iPad Mini Release Date: Why Amazon Kindle Fire HD Specs Can't Compete with Apple's New Tablet
Amazon has heated up the tablet war with rival Apple with introducing the Kindle Fire HD at a Sept. 6 press conference in Santa Monica, Calif.
This is exciting news, but many believe that Apple's highly anticipated iPad Mini still would top the new Kindle.
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"While there were some interesting new features and upgrades from the original version that could provide increased competition for non-Apple tablets, we walked away from this announcement with even greater confidence that the iPad will continue to dominate the tablet market at the mid-to-high end," said Brian White of Topeka Capital Markets, in a note to clients, according to ComputerWorld.
"The 4G version ... will have a difficult time gaining traction, while the November 20 dates are much too far into the future," White added.
Brian Marshall of the ISI Group -- like White, one of many analysts who have Apple stock as a "Buy" recommendation -- was just as certain that Apple had little to worry about.
"While Amazon's new products look impressive, we believe Apple remains the dominant vendor/platform of choice for smartphones/tablets," said Marshall in his note to clients.
Their reasons centered around several factors, including Apple's App Store, which offers hundreds of thousands more apps than does Amazon's, Apple's iCloud storage and synchronization service.
The Kindle Fire HD ranges from $199, $299 (16 GB) to $499 (32 GB) for the 4G LTE Wireless. It has an 8.9-inch screen, which has 25 percent less glare, two antennas for Wi-Fi, which gives a stronger signal. The Kindle HD will also have MIMO, which adds up to Wi-Fi that should be way faster than the competition, 41 percent faster than the iPad and 54 percent faster than the Nexus 7, according to Amazon.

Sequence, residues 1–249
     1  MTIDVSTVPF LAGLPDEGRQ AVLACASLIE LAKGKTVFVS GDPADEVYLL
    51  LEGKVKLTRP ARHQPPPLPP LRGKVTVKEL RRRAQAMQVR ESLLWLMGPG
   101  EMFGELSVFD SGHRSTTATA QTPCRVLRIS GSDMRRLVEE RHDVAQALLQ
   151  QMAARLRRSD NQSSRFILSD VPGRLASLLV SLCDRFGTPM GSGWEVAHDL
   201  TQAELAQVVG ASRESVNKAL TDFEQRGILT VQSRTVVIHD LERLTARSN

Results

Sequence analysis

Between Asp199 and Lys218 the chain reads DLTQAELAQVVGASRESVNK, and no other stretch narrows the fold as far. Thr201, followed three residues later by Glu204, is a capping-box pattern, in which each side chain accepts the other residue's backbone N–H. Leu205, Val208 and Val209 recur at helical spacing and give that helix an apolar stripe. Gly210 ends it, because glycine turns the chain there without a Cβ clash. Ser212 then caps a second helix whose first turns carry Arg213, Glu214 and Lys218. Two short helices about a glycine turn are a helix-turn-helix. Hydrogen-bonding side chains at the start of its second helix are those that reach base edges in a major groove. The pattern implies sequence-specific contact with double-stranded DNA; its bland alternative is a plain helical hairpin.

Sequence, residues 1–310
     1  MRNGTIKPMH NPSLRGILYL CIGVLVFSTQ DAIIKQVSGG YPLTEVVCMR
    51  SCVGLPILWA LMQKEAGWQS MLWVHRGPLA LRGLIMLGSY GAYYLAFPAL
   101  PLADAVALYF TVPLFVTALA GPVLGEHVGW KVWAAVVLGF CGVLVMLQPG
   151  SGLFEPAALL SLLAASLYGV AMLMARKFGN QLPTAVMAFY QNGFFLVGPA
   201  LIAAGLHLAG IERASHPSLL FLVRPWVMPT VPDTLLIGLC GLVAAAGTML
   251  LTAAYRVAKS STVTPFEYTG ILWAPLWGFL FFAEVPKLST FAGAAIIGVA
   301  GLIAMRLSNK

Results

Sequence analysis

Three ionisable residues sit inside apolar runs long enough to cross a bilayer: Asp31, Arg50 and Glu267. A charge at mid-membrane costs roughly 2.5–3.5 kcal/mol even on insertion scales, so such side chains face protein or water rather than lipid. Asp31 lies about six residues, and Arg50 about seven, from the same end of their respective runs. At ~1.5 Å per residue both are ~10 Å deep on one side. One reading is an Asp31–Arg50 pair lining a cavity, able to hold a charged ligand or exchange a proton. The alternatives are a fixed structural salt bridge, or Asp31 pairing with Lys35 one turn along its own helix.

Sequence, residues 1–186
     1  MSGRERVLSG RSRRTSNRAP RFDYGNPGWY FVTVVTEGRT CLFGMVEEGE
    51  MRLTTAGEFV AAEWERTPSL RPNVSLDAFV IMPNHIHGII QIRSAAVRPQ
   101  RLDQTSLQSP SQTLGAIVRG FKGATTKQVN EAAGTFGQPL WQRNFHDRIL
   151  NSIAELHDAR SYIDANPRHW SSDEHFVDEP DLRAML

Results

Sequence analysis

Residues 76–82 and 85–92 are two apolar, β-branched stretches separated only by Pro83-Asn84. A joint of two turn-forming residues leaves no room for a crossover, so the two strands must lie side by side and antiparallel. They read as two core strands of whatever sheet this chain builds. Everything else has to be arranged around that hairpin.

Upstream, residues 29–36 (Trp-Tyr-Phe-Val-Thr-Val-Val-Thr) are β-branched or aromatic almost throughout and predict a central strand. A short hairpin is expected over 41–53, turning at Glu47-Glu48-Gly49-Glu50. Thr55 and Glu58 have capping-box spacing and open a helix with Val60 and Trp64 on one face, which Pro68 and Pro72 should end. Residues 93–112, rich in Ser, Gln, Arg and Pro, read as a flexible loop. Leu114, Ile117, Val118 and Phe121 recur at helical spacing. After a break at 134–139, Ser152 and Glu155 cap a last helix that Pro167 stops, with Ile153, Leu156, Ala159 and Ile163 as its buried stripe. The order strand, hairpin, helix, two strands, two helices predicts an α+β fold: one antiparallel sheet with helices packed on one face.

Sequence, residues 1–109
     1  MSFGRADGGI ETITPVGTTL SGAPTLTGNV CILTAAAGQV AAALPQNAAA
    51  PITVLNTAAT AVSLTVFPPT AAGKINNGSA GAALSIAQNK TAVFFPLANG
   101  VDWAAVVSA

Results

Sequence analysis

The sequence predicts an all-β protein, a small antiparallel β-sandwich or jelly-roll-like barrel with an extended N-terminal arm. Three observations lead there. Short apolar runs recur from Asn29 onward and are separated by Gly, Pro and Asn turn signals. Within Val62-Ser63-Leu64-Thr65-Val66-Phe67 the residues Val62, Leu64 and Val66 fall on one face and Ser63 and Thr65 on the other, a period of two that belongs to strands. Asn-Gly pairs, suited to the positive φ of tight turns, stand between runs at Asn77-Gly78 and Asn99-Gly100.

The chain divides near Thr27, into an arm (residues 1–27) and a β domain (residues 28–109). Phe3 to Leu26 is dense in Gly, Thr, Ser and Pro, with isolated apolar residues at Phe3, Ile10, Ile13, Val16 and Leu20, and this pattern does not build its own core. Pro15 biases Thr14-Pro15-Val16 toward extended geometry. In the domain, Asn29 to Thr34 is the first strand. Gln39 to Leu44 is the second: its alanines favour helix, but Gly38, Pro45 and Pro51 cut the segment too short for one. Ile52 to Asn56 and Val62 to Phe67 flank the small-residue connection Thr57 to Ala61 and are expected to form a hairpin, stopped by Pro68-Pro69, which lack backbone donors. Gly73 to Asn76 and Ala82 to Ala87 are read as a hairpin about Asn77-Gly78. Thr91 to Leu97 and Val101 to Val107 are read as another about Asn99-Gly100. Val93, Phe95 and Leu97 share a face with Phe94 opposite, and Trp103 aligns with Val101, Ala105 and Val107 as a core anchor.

The HD starts at 16GB of local storage, up from the 8GB of the original. It weighs 20 ounces and has 1920 x 1200 resolution with 254 ppi. It has longer battery life. It also has two speakers, one at the top and bottom of the device in portrait mode. It has an OMAP4470 processor.
The Kindle Fire HD also features Whispersync for Voice, which Amazon syncs all your books across all your gadgets, that syncs your words-book with your audiobook. You can also sync up your progression in games. Another feature will be Immersion Reading. You can listen to the narration of your book while you read it.
There is also X-Ray for movies and a camera. Shipping will start Nov. 20.
Amazon CEO Jeff Bezos claimed that with the Kindle Fire's $49.99 annual data package, consumers will see "more than $400 in year-one savings" compared to a similarly equipped 32GB iPad and a comparable data plan.
However, some critics see a win for Amazon's new Kindle.
"One instant win over the iPad is the pricing for data. A data package only costs $50 per year and offers 250 MB per month of data, 20 GB of cloud storage and an incentive $10 Amazon Appstore credit," iPadBlorge.com said.
"Apple will likely release a 4G version of its iPad Mini, but consumers will be forced to use a cellular provider and pay roughly $30 per month for data."
Many are speculating the price of the new iPad Mini. Apple may price the little tablet at $299 or $249 for a 16 GB version.
Reports say that the iPad Mini will feature a 7.85 inch IGZO display with 330 pixels/inch. It will be more affordable. It is also assumed that the new tablet will feature Apple's upcoming operating system, iO6, which includes a new, Google-free Maps app, and Passbook, and promises better Facebook integration, better maps, and better video conferences that use cellular data, according to Entrepreneur.com. It is also said to have a smaller dock connector and thinner bezel. It will have FaceTime, and it may have Retina Display.
PC Mag reported that performance is not certain and there needs to be a lot tested for hte Kindle Fire HD.
"Performance is up in the air right now. The 1.2-GHz TI OMAP4470 chip the Kindle Fire HD uses isn't quite as powerful overall as the Nexus 7's Tegra 3," PC Mag wrote. "The real test will come with high-end games, especially games designed for the high-res screen, and with complex Web pages."
"There's a lot that needs to be tested about the Kindle Fire HD. What does that HD screen mean for battery life, for instance, and how does the performance really compare to the Nexus 7? The Fire is still still extremely easy to use, though, and its high-res screen offers a plus you probably won't see on any other 7-inch tablet any time soon."
What do you think? Can the Kindle Fire HD stand up Apple's iPad Mini? Share your thoughts below!